PR faces corporate hospitality review

PR professionals may find it harder to offer and accept corporate hospitality and gifts if proposed laws, allowing prosecution of individuals who appear to have taken or received a bribe, are accepted.

PR professionals may find it harder to offer and accept corporate

hospitality and gifts if proposed laws, allowing prosecution of

individuals who appear to have taken or received a bribe, are

accepted.



Currently prosecutions fail if there is no evidence of a bribe or reward

being offered. The changes, proposed in a report by the Law Commission,

would force companies to be scrupulous and open over motives for

offering corporate hospitality. Changes would mean that circumstantial

evidence be enough to convict.



Chris McDowall, executive director of the PRCA, said that firms would

have to be more careful: ’But let’s use some common sense. It’s all a

question of degree. A gift worth pounds 10 is not the same as a pounds

500 trip to Paris. It’s OK to offer lunch but to offer the cutlery as

well is going too far.’



The report, which is under consideration by the Lord Chancellor,

recommends modernising bribery laws. It suggests that if a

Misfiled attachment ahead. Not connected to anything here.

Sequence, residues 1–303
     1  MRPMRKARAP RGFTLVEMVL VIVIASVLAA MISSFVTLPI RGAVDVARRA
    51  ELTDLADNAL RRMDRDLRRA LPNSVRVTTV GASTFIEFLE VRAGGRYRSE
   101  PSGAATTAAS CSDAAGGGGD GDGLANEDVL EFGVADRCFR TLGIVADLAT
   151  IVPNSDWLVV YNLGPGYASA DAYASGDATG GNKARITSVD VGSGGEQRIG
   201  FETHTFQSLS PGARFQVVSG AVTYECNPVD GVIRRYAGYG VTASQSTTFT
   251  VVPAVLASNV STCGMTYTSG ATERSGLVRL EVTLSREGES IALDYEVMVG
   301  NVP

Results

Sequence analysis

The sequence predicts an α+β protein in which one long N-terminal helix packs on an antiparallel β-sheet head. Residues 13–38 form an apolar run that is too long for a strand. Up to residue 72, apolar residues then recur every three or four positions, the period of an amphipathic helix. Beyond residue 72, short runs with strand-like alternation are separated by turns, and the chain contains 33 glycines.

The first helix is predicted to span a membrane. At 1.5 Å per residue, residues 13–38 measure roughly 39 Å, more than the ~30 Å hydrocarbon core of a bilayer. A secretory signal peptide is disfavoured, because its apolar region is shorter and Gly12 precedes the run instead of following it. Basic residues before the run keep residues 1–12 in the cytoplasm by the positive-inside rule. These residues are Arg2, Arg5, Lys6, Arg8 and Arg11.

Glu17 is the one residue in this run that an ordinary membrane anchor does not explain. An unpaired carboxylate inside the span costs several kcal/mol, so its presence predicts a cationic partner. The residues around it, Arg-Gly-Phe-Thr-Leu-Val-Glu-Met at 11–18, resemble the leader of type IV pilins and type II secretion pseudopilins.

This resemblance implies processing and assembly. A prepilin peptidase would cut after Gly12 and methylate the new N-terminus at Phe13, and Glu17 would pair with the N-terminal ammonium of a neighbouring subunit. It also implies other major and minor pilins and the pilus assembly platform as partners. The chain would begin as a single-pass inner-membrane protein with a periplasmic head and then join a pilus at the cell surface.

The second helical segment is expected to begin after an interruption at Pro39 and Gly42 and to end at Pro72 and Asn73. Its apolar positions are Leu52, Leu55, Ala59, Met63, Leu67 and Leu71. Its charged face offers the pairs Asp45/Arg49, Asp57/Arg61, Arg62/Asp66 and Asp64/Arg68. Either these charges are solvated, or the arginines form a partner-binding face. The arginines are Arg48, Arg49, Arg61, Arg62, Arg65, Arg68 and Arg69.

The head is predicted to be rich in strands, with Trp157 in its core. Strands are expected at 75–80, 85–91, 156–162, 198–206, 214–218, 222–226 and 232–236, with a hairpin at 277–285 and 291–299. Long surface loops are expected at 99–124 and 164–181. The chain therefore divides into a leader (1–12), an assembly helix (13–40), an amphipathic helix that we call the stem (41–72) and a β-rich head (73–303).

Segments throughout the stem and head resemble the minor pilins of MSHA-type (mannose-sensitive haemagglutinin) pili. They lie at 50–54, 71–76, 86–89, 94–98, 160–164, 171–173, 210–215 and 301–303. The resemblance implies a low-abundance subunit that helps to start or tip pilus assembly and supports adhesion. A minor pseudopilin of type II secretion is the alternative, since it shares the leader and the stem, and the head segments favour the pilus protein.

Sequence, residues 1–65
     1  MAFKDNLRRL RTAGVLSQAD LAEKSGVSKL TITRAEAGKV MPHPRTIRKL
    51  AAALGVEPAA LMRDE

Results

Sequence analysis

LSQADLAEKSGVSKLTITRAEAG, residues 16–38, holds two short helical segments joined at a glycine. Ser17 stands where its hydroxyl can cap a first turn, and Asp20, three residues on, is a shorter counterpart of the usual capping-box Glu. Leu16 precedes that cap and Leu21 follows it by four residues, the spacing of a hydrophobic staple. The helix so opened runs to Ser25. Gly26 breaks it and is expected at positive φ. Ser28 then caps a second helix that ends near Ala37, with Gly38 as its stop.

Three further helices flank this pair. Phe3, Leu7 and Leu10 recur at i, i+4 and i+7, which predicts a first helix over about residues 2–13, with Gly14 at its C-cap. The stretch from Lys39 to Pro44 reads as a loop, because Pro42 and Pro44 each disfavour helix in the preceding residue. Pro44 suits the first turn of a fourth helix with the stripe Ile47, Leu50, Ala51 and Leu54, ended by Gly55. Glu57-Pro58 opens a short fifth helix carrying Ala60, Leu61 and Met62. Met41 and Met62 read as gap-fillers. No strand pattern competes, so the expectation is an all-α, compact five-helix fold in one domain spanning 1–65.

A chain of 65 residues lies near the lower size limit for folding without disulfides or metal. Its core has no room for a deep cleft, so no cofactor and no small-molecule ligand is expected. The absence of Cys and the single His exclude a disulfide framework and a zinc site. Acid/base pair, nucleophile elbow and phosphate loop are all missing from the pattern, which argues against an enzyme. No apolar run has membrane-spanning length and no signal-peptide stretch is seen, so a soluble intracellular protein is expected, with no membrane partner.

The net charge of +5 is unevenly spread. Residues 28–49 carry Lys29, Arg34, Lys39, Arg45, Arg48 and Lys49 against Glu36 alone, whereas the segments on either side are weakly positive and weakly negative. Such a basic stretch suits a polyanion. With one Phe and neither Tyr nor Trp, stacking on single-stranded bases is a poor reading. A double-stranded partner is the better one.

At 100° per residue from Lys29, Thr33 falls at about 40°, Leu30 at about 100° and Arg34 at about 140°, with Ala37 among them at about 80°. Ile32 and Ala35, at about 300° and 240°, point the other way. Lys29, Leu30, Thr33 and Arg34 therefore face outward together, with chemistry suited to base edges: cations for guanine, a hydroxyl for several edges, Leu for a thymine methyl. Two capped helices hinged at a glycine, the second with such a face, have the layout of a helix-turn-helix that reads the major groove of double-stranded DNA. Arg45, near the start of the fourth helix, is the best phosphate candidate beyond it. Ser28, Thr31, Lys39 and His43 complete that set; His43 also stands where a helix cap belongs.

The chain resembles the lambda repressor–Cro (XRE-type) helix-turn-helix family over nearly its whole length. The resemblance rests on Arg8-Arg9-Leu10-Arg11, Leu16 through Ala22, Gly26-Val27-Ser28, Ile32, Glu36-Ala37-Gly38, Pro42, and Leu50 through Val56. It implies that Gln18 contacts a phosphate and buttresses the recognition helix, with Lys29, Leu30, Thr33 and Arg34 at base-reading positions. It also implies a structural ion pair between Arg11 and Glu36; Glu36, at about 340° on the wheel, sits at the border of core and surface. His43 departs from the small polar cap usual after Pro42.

representative of a company offers or accepts corporate hospitality or

gifts with the ’hope’ or ’intention’ of gaining a reward then they are

guilty of an offence.



Law Commissioner Stephen Silber played down the implications for those

in PR who specialise in corporate hospitality. ’We are very keen that

nothing should be done about corporate hospitality which is run

properly,’ he said.



The changes would replace the 1889 to 1916 Prevention of Corruption acts

and the common law offence of bribery with four new offences.



The Law CommissionOs proposed reforms also recommend that corruption

laws for the public and private sectors be brought into line in light of

recent privatisations.



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